About the trek

How long do treks last?

Most of our Himalayan treks range from two to four weeks.

How long do we spend walking each day?

Trekkers generally walk four to six hours a day. That's between five and fifteen kilometers depending on trail conditions and the state of the weather.

Room and board

What kinds of accommodations will we utilize?

Unless you signed up for a camping trip specifically, most treks include lodge or guest house accommodation. A small minority of trekking areas may not have lodges available, and accommodation in these places will involve sleeping in tents.

What is teahouse trekking?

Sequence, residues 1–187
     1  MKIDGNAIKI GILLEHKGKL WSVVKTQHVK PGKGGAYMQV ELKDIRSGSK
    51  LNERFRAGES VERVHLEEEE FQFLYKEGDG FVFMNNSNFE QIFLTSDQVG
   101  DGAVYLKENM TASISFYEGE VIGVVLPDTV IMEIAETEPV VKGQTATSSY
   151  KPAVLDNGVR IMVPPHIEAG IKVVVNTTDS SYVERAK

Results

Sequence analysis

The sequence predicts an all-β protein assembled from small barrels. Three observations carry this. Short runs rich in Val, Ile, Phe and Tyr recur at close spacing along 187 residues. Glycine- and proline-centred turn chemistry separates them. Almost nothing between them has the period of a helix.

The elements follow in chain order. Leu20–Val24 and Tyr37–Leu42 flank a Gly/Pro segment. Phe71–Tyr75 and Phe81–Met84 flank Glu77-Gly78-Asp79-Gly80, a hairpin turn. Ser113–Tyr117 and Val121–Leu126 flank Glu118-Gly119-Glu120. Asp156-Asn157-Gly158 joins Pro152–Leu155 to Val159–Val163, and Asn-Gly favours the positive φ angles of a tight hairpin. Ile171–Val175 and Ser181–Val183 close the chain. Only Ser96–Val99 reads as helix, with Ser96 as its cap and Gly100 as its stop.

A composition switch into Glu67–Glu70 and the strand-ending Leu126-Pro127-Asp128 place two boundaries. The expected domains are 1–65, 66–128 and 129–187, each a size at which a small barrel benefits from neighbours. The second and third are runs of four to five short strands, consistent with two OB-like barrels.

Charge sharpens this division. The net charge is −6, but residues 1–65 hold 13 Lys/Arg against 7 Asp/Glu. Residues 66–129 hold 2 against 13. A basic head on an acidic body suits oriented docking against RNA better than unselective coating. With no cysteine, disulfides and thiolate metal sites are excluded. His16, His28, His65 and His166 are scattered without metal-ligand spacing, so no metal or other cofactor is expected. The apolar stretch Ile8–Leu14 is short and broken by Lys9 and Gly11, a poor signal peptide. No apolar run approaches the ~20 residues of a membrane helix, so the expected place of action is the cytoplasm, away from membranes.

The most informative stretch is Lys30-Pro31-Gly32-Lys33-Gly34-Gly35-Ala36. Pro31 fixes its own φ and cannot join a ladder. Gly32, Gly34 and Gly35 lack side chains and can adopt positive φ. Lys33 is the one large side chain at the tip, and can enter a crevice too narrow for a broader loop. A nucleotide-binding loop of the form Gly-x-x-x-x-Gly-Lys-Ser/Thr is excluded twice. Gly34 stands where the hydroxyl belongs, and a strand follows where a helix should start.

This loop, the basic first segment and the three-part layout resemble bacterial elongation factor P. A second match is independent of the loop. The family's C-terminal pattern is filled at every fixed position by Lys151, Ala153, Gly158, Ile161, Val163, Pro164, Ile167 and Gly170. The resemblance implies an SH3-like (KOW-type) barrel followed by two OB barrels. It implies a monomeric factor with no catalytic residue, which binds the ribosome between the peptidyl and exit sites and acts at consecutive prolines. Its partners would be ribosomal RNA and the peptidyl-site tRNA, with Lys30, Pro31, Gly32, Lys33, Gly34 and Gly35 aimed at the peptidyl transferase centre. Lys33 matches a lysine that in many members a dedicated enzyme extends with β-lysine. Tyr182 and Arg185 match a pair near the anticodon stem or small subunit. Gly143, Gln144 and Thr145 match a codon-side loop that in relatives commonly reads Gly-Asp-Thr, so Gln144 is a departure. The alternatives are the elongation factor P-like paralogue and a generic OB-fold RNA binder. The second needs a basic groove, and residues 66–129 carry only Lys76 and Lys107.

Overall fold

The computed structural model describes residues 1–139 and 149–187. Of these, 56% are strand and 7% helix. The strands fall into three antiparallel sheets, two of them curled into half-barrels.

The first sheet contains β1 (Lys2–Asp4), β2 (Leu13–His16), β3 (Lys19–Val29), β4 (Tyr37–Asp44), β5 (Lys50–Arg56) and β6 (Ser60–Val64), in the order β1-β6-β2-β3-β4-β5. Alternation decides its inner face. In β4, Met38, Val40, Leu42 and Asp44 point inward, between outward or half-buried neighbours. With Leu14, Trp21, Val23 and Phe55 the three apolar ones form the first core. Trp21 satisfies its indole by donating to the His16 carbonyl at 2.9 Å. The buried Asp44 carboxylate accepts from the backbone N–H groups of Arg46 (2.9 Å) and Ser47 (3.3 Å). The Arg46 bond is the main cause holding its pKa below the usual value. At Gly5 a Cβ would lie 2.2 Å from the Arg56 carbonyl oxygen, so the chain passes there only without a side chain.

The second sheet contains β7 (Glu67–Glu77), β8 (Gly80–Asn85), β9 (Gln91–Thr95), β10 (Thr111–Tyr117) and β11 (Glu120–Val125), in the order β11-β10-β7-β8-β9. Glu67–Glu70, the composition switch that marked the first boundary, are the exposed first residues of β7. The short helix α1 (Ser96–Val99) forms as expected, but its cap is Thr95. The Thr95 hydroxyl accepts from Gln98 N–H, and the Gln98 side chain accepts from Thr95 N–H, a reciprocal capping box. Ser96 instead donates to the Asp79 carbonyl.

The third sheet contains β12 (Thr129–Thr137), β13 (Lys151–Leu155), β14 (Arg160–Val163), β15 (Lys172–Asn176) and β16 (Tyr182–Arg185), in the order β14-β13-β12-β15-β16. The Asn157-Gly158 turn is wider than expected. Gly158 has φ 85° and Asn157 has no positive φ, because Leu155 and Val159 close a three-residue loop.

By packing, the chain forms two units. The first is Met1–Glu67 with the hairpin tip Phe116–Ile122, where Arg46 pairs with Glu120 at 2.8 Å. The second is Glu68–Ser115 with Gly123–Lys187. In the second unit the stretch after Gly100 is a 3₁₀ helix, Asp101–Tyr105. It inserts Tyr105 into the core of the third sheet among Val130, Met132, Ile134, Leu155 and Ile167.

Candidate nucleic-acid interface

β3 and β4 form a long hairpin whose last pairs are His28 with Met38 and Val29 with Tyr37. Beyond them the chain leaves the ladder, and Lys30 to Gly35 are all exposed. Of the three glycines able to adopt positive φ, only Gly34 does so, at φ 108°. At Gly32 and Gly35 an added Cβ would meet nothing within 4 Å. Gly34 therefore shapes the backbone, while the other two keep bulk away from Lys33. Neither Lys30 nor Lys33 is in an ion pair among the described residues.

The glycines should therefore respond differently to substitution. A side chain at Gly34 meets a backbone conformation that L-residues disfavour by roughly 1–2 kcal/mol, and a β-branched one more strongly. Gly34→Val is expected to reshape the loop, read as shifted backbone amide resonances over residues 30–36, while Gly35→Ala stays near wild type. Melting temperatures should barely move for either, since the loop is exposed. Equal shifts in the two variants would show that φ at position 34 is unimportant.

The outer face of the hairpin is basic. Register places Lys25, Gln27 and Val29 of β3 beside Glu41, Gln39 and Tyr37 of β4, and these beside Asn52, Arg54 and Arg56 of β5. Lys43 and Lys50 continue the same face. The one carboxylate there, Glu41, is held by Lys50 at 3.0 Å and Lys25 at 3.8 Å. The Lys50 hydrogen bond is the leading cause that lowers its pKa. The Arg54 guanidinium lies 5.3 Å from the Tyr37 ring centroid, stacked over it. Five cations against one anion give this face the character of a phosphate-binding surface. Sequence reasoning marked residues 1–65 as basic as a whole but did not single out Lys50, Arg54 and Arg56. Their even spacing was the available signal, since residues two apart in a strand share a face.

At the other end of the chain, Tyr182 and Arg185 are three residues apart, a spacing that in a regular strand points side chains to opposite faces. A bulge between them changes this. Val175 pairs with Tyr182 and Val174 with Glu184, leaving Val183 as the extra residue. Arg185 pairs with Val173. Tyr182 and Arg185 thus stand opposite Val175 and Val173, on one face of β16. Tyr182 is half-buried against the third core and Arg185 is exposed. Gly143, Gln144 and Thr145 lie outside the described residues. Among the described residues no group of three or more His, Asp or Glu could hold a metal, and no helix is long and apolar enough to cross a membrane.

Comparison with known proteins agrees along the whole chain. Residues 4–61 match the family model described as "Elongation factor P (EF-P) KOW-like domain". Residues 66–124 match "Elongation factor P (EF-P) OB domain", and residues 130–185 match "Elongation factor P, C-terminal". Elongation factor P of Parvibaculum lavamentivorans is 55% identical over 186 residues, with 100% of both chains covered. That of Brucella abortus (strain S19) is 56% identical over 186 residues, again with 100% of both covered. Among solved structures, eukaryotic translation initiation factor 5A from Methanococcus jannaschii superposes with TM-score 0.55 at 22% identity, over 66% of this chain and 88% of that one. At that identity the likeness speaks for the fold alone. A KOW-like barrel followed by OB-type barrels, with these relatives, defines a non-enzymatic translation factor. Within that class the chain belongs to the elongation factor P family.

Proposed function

Teahouse trekking is a type of accommodation unique to mountain treks, in which lodging and meals are set up at local teahouses or lodges on a full-board basis.

What is camping trekking?

Camping trekking involves sleeping in tents. We provide you with full board on these treks, with meals being prepared by professional trekking cooks in a mobile camp equipped with a kitchen and adequate support staff.

Where will our drinking water come from?

Bottled water is available everywhere on established trekking routes, and most villages on the way will have locally-purified water as well. The teahouses or camping crew will supply boiled water for drinking.

Where do we eat our meals?

The most frequently-traveled Himalayan circuits feature lodges and guesthouses. Continental menus are generally available, along with soups and dishes of noodles or rice. Other routes will include more limited choices. On the most remote routes, only traditional dal bhat, curry, or instant noodle soups will be available.

Health and safety

What physical criteria will ensure I'm fit enough to trek?